The benefits of Gipave® also confirmed by research from the University of Nottingham

Thanks to the cooperation between Amey, Kent County Council andNottingham University (Transport Engineering Centre), specific research was carried out aimed at investigating the properties of Gipave and the possibilities of use for construction and maintenance works in Kent. The research is part of the (ADEPT) SMART Places Live Labs program and is based on experimentation which was conducted in 2020 in Dartford in Kent (UK).

Gipave, developed by Iterchimica thanks to a research project developed in collaboration with Directa Plus, G.Eco and the University of Milan-Bicocca, is a polymeric supermodifier containing graphene and a specific type of recycled plastic that does not it falls within the standard recycling chain but is destined for waste-to-energy plants. To date, Gipave has been widely used both in Italy and abroad on different types of flooring (for example airports and motorways). All the tests conducted so far by accredited universities and laboratories have shown excellent results in terms of increased performance and extension of useful life.

With the aim of better evaluating the greater durability of pavements containing Gipave, the University of Nottingham conducted a pavement design analysis, trying to simulate the real structural performance depending on the different types of road. Four recently resurfaced roads with different types of construction were therefore identified, from which the samples for the comparative analyzes conducted by the University of Nottingham were taken.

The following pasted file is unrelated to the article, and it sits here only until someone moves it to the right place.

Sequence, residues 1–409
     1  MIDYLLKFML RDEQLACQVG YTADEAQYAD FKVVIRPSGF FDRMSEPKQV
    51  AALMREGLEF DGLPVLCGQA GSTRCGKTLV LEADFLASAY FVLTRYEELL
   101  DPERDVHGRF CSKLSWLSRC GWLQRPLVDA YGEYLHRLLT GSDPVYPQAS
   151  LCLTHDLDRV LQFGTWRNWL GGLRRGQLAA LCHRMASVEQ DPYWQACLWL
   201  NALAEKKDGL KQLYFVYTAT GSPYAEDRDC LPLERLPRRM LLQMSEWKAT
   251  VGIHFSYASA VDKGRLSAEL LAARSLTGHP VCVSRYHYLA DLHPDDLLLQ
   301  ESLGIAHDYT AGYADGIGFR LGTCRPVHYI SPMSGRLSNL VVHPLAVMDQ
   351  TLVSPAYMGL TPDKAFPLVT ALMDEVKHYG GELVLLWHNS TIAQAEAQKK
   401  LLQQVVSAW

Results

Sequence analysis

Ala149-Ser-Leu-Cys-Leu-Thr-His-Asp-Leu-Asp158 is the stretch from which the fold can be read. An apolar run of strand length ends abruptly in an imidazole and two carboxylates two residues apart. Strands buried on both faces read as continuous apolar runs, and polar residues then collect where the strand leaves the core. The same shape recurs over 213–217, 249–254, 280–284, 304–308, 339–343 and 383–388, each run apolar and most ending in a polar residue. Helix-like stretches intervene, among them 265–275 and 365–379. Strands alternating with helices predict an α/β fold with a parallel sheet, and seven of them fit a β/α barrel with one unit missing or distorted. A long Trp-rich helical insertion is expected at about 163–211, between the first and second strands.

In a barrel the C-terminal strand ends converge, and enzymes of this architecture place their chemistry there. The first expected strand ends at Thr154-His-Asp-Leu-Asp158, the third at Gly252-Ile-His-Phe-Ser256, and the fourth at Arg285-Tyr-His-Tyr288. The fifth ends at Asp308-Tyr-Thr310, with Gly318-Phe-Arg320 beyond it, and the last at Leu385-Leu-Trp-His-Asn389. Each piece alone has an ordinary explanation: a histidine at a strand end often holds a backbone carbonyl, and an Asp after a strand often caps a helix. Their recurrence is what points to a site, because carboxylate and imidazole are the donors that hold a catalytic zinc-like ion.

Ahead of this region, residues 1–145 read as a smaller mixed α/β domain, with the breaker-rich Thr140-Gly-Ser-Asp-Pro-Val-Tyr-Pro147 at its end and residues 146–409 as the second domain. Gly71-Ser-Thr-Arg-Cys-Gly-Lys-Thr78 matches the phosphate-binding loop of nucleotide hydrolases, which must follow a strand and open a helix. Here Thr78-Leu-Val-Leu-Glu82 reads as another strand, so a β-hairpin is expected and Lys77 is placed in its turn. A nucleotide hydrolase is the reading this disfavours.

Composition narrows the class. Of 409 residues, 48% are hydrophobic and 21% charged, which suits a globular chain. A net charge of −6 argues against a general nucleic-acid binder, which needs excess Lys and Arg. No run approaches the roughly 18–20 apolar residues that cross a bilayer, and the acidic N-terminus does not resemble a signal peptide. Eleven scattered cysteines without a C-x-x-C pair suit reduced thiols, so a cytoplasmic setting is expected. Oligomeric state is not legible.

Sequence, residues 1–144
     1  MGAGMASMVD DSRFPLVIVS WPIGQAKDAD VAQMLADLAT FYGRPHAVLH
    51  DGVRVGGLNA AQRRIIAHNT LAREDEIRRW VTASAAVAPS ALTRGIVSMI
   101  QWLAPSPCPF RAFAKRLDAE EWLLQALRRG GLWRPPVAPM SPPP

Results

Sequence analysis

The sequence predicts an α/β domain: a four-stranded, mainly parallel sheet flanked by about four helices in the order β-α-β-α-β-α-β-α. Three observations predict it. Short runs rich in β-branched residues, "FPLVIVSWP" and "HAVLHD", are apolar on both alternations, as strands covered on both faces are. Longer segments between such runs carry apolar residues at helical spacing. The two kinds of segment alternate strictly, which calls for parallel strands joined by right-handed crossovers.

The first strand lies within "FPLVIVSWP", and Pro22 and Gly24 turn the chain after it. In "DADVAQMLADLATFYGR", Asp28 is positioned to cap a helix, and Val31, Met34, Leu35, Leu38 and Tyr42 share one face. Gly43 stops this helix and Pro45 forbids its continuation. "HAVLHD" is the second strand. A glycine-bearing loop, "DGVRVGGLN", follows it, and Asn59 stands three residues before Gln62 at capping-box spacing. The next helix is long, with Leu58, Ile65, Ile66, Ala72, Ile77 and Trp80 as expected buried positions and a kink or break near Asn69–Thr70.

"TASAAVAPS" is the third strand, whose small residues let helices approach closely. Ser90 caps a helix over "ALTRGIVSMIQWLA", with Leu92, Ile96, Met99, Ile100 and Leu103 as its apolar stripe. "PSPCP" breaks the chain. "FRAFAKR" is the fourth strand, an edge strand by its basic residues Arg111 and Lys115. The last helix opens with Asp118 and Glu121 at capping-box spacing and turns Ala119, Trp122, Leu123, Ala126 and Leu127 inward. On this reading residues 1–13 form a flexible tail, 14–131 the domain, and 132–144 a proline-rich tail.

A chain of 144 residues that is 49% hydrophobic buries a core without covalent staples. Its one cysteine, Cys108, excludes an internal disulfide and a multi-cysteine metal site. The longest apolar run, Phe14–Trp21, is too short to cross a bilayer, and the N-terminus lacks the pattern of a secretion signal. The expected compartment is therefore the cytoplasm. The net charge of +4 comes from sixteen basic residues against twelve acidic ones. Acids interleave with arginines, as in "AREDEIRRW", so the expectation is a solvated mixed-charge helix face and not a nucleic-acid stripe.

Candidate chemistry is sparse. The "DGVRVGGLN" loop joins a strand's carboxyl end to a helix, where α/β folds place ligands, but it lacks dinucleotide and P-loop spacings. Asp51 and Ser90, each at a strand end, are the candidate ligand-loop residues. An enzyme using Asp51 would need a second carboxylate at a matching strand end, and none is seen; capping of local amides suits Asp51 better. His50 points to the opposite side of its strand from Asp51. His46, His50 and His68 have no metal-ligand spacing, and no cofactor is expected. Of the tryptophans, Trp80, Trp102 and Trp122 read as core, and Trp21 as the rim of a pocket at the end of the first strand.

The simulation of the pavement design analysis highlighted that all sites demonstrate the effectiveness of the use of Gipave in extending the useful life. Furthermore, it was possible to produce a life cycle model of the infrastructure which highlights savings in CO emissions2 equal to 23 kg per m1,5 (on a stretch such as the experimental one in Dartford), as well as the recycling of over 32 tonnes of recovered plastic which is reused in the paving. Although the material is initially more expensive, the simulation showed a cost reduction of XNUMX% over the useful life.

In light of this research from the University of Nottingham, KCC plans to undertake work with Gipave on three further sites later this year with the aim of testing the material in different locations and on different road types. These trials will seek to replicate the test results of the Dartford trial, whilst also testing the commercial viability of Gipave. Depending on the results of these further tests, KCC will evaluate the use of Gipave to resurface some of its busiest roads in order to minimize disruption to the most sensitive sites, significantly reducing the need for maintenance interventions over time.

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